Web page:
The Coughlin Way : Jaguars’ Coach May Have Been Overly Strict and Unpopular at First, but Nobody’s Complaining Now


He was a tyrant, a dictator, a sadist. He was the Marquis de Sade with a whistle, Attila the Hun with headphones, Gen. George Patton on the sidelines.

If all the reports coming out of the Jacksonville Jaguars’ first training camp about Coach Tom Coughlin were true, the International Red Cross should have been brought in.

On closer inspection, however, it turns out that the howls of protest from Camp Coughlin were not so much because the coach was acting like a drill sergeant. It was more because he was acting like a school principal.


Football players accept drills with a grunt. They understand the need to grow physically tough. Rules? Rules are often another matter.

And Coughlin had rules. Plenty of rules. Rules players hadn’t heard since since college, high school, or even junior high.

They had to keep their feet on the floor rather than rocking back in their chairs during team meetings. They couldn’t kneel in practice, or take their helmets off. They couldn’t wear T-shirts in hotel lobbies.

Tough, tough, tough.

“He was so tough, the dictator who ran Camp Coughlin,” said New England Patriot Coach Bill Parcells, a close friend of Coughlin. “You don’t hear much about that any more.”

Some would say it’s because Coughlin has softened.

More likely, though, it’s because the rules have taken hold and the Jaguars have hardened into a tough, effective unit that will take the field today against Parcells’ Patriots at Foxboro Stadium one victory away from the Super Bowl in only their second year of existence.

The players insist that Coughlin has changed.

Jaguar defensive tackle John Jurkovic has been with the team only this season, but even he has noticed a difference.

“Quite a metamorphosis,” he told the Times-Union in Jacksonville. “Like the caterpillar becoming the butterfly. Even from the beginning of the season, he’s more approachable, more accessible to the players. The change is monumental.”

It didn’t come easy, for either Coughlin or the players, as one incident illustrates. It was a Saturday morning, doughnut day for the players, who sit around in their locker room, eat their doughnuts and bond.

On one particular Saturday, Coughlin decided it was time he bonded with his players. So he walked in and sat down among them.

One player got up and left. Then another. And another.

Soon, Coughlin was sitting alone. Acceptance was still a few victories away.

Even now, the 50-year-old Coughlin won’t concede that his dictatorial ways were off base. After all, he figures he knows something about coaching after having been at it for nearly a quarter of a century.

He coached wide receivers with the Philadelphia Eagles in 1984 and ’85 and with the Green Bay Packers in 1986 and ’87. In 1988, Coughlin began his association with Parcells, then the New York Giants’ coach. Coughlin directed the team’s wide receivers for three years.

In 1991, he got his first head coaching assignment, taking over the Boston College program, with a big boost from Parcells, who gave him a strong recommendation. Over a three-year span with the Eagles, Coughlin was 21-13-1, took the team to two bowl games and finished with his squad ranked 13th in the nation in the final Associated Press poll of the 1993 season.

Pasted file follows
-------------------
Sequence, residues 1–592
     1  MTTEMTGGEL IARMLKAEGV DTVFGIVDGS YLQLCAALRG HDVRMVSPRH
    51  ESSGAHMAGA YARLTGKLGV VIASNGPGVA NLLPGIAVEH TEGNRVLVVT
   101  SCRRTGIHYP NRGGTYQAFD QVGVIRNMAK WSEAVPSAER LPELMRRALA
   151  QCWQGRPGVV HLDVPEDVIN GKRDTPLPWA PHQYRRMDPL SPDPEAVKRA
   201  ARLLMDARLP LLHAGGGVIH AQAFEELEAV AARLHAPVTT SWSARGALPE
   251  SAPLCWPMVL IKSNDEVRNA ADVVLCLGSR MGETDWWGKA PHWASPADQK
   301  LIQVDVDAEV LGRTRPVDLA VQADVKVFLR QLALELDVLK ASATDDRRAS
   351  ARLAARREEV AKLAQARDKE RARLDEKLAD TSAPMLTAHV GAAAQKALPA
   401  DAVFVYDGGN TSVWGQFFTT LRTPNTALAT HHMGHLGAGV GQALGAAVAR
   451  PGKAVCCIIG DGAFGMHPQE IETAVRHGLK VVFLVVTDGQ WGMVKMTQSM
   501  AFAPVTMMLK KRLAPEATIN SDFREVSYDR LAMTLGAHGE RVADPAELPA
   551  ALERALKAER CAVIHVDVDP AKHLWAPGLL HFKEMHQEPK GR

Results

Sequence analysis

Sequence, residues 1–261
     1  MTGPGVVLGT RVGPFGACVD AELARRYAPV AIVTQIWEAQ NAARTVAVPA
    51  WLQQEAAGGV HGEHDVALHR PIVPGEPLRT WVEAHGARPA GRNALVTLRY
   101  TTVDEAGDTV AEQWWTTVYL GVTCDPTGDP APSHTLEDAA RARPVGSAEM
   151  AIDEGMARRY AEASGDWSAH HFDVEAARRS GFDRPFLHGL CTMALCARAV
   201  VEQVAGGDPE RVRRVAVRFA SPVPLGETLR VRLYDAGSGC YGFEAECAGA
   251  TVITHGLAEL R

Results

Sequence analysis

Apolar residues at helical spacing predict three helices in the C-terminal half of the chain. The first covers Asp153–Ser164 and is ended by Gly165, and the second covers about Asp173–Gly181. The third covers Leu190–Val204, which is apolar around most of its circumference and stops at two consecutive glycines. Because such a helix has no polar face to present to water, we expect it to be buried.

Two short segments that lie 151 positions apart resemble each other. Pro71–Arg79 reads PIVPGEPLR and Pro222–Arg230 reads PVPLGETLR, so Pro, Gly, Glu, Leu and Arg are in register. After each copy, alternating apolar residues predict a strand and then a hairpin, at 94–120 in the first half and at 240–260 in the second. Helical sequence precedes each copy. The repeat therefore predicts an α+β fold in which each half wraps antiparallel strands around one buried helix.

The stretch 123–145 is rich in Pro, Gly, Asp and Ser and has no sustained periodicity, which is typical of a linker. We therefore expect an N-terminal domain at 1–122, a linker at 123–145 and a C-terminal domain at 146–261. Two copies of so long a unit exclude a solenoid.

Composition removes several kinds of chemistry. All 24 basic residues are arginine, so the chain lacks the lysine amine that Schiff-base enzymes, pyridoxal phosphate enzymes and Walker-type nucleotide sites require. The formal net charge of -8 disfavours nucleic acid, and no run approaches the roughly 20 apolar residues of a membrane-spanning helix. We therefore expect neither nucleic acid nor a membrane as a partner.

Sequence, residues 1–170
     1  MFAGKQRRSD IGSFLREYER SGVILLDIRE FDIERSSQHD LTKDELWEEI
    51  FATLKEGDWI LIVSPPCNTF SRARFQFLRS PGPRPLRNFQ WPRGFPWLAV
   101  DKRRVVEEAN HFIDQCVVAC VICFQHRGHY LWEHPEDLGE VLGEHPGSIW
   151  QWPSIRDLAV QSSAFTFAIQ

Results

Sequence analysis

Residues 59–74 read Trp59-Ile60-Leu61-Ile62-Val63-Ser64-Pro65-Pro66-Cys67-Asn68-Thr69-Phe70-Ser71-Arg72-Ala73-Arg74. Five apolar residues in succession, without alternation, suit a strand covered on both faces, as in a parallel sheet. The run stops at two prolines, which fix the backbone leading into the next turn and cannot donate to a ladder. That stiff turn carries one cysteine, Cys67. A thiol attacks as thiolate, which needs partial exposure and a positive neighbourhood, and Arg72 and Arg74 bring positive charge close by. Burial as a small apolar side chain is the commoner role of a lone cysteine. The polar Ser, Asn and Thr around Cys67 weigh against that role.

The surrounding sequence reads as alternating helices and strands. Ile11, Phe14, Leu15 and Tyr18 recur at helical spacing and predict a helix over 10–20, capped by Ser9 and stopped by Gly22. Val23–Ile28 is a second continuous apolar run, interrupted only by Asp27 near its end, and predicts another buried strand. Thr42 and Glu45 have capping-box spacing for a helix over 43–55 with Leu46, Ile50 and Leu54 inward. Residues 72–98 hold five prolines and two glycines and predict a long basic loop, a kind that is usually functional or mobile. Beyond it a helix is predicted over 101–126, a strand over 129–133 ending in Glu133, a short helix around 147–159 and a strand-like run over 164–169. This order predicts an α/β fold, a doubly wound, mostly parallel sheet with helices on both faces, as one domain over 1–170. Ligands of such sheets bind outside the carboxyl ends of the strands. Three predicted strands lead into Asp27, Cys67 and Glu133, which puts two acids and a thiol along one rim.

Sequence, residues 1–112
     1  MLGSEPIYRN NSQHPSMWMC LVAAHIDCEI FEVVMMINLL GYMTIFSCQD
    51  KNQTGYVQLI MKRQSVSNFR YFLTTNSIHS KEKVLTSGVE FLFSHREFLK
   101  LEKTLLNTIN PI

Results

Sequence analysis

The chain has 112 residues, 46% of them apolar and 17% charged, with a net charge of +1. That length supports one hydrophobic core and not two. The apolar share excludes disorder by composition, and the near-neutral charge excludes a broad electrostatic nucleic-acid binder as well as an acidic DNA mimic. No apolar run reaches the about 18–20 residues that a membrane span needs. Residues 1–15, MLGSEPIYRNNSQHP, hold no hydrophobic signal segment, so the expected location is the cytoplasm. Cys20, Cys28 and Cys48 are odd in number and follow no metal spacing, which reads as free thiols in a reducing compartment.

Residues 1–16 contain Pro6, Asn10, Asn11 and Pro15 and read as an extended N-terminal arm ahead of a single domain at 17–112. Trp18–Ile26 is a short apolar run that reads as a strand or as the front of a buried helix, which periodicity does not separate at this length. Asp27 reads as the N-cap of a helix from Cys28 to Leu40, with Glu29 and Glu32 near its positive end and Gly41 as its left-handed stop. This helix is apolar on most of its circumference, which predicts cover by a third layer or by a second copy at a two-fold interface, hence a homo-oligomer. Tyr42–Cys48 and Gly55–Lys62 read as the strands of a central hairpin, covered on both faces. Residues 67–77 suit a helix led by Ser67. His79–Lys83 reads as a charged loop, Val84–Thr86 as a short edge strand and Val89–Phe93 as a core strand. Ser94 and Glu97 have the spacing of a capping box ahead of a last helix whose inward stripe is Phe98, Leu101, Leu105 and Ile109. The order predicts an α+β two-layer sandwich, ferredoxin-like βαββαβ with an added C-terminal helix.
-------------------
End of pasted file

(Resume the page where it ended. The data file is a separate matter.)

When Coughlin had the opportunity to jump back into the pro ranks, this time as a head coach, he brought with him rules that had served him well with undergraduates, rules he figured a new team without any history would need to be successful.

“I think teams thrive on discipline,” Coughlin said. “Sacrifice is difficult, but it can be fun. I think players need structure. This was a team that had no nucleus in the center of players who had been there before, no core in the middle.”

One of Coughlin’s biggest fans will be standing across the field from him today. Parcells gives out compliments about as readily as he gives out information about his own cloudy future, a future that might find him back in New York next season coaching the Jets.

But ask Parcells about Coughlin and you won’t have to ask twice.

“He is one of my favorite guys I ever coached with,” said Parcells, whose own coaching career spans 33 years. “I just like this guy. He has his convictions. He’s afraid of nothing in this business. He’s his own guy, fearless.”

Parcells and Coughlin have stayed close, through the years that Coughlin worked for Parcells, through the season both Parcells and Coughlin worked in the Boston area, and even now that they are rivals. Until last week, they talked to each other two or three times a week.

There hasn’t been much talk lately. And that’s not something Parcells is particularly happy about. The chance to beat his close friend is not something he’s looking forward to.

“Coaching against your friends, why would you enjoy that?” Parcells asked. “I don’t. It’s not pleasant for either of us. But that’s the way it is in this business.”

Parcells slips into sentimentality when discussing Coughlin, a smile crossing his face.

Ask Coughlin about the relationship, however, and there is no crack in the no-nonsense facade. Even the softer, gentler Tom Coughlin won’t allow himself to get sentimental. Not now. Not with the game of his life at hand.

“He’s a very good friend of mine,” Coughlin said of Parcells. “But this game is much bigger than that. It’s the Jacksonville Jaguars versus the New England Patriots for the AFC championship. Our relationship is a very small part of that story.”

But without that relationship, there might not be a story. Tom Coughlin might not have made it back to the pros, the Jaguars might not have made it into the playoffs and Camp Coughlin might not have made it into football lore as how Devil’s Island would have looked with goal posts.